At 6 they started letting groups of 5 through the door.  Those still waiting outside were offered water, a banana, and a large fig bar.  Once inside you told the attendant if you wanted dental or vision; you can only get one or the other at each visit.  But, you could combine either of those with any basic medical need that you had.   Then, you went to get registered.  My mistake here was I got out of line to use the restroom which means I dropped well below my original #14 spot.

The registration process was pretty impressive.  Every station, about 40 of them, was equipped with a networked laptop and label printer.  The interview was oral with the attendant typing your answers onto their online form.  Once completed, a label with your basic information was attached to your paper form and you walked across the room to a triage nurse who took your blood pressure, then collected your vital stats, medical history, and medications.

At that point you were escorted and directed to sit in your designated chair in first-come-first-serve order for the service you were there to receive.   I was in about 25th place in the area for fillings and extractions.  Then I waited.  There was only one dentist who showed up.  Rumor was that there were three no-shows.  As a result, they had too many patients, and too many support staff volunteers for just the one dentist.  As we waited, some patients switched to getting vision services, a few left to return on Saturday (today) as there were suppose to be six dentists then.  I waited.  Another dentist showed up.  I waited.  We were told that if we still weren't served by 6 PM, then we would be first to receive service the next morning.  I waited. 

We were instructed not to get out of our chair so we didn't lose our spot in line.  So, they had volunteers that would sit in your chair for you if you needed to get up for any reason.  Thankfully, I had nice folks around me who willingly saved my empty spot, moving me up in line with them, when I needed to get up.  I even stepped outside for a lunch snack at one point.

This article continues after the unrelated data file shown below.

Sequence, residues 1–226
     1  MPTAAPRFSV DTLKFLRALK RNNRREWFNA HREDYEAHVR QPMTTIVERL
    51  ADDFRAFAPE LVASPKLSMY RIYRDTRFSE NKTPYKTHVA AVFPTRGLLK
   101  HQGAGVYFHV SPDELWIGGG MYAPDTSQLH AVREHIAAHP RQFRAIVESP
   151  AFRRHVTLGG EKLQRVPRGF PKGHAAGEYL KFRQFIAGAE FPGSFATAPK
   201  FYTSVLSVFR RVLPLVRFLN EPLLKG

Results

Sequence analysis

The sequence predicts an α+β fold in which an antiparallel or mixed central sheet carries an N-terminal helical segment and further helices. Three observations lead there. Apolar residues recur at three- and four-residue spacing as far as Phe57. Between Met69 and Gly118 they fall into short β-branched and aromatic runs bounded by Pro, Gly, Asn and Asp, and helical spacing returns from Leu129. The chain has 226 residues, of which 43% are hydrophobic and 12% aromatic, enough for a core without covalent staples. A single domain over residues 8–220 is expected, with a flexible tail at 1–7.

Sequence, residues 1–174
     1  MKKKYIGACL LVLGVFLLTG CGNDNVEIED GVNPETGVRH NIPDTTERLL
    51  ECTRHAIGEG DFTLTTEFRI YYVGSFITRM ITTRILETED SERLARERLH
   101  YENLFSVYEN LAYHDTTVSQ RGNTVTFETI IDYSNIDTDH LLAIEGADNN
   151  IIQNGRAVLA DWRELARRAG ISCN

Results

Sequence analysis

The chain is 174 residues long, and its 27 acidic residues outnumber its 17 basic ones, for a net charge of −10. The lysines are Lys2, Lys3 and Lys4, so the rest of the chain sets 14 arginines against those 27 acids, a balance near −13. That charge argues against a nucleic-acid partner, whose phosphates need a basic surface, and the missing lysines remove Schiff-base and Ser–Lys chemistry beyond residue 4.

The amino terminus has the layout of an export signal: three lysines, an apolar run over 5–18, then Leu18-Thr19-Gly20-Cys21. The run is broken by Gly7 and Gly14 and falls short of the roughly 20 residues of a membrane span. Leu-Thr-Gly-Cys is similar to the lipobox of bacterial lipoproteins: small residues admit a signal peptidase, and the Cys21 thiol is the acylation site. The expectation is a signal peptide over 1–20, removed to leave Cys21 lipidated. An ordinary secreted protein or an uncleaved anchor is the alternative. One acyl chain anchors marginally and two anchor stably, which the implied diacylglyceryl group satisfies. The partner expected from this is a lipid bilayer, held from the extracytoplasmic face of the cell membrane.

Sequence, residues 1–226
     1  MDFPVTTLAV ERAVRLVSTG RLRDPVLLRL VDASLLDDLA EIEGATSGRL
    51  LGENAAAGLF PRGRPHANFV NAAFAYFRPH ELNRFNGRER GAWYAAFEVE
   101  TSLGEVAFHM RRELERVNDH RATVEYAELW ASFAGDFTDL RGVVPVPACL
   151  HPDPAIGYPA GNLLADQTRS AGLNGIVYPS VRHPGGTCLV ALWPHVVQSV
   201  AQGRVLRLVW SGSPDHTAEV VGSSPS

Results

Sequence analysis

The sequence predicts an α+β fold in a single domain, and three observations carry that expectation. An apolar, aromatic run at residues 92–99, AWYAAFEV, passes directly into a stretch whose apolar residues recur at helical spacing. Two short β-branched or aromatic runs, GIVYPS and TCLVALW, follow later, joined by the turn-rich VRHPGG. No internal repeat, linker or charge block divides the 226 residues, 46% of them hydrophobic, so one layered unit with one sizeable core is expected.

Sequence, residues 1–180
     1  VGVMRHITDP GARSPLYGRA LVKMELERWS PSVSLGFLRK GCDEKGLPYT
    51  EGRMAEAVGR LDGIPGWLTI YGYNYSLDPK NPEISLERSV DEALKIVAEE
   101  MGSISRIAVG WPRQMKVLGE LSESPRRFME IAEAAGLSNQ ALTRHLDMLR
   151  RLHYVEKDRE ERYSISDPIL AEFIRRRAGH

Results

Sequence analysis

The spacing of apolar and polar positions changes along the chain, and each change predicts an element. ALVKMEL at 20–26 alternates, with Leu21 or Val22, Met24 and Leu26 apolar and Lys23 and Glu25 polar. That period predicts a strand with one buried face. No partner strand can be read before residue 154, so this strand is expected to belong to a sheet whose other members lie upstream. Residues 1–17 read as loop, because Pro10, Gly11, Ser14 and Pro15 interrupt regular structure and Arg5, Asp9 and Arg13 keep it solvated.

I could tell some folks were in pain.  We were all sleep deprived.  The gym was a hubbub of activity and noise, accompanied by dental drills ... and more news crews with cameras.  Yet, the interactions among the patients were friendly, with a few laughs here and there.  The volunteers managing the flow of patients to services were also good at keeping us up-to-date and informed as to what our options were.

With all of the sitting and waiting, I was very glad that they provided wifi on their RAM network.  I was a bit too stressed to do any meaningful online activities, but I did make it up a few levels in Candy Crush Tongue

This is my experience for this one initial visit as a patient.

I would certainly go to a RAM clinic again should I need one of the services they offer and I can't afford it otherwise.  The worst was the standing and waiting, the second worst was the sitting and waiting, and the third worst were the news crews with their cameras all day.   I complain, but do understand the need for the waiting processes when serving so many, and the reasoning for the media coverage to get community support.  Astonishingly, for the hundreds of patients served yesterday, I feel like my service was as singularly personal as any I have receive by any other medical office or facility.

I hope to volunteer at Pahrump's RAM, a small token of gratitude and pay back.  Thanks again to Guy who described his experience volunteering for RAM here

Suanne ... grateful and recuperating back in nature
Many thanks to Guy for sharing this info

And to Suanne for taking the time to write a really thorough review.
Thanks Cyndi.

Such a long review and description was probably more than most want to know. But, I sure wish I would have known many of the details I shared prior to going to the clinic.

For me it's not easy to receive charity. But, sometimes I've just had to. I'd much rather be on the giving end.

I just hope it helps someone in this vandwelling community reduce their stress level should they ever be in a position to need a service that RAM offers.

Suanne ... feeling much better today
Thank you for this thread Suanne, and for the link to Guy's thread w/schedule! I miss a lot by not viewing the forum often enough, and I'm very thankful that I didn't miss this. I lost my "note to self" regarding RAM that I made after seeing a documentary a while back and completely forgot about this organization. Thank you Guy for posting the link to their site.

I'm bumping this thread up with a video that Bob and I shot last February (but just released) about my experiences with RAM. If you are un-insured or under-insured, and need medical, dental or vision services, RAM will provide for free at their mobile clinics. Or, if you'd like to volunteer for this non-profit, it's a fulfilling experience.

Go to, and watch this video to learn more --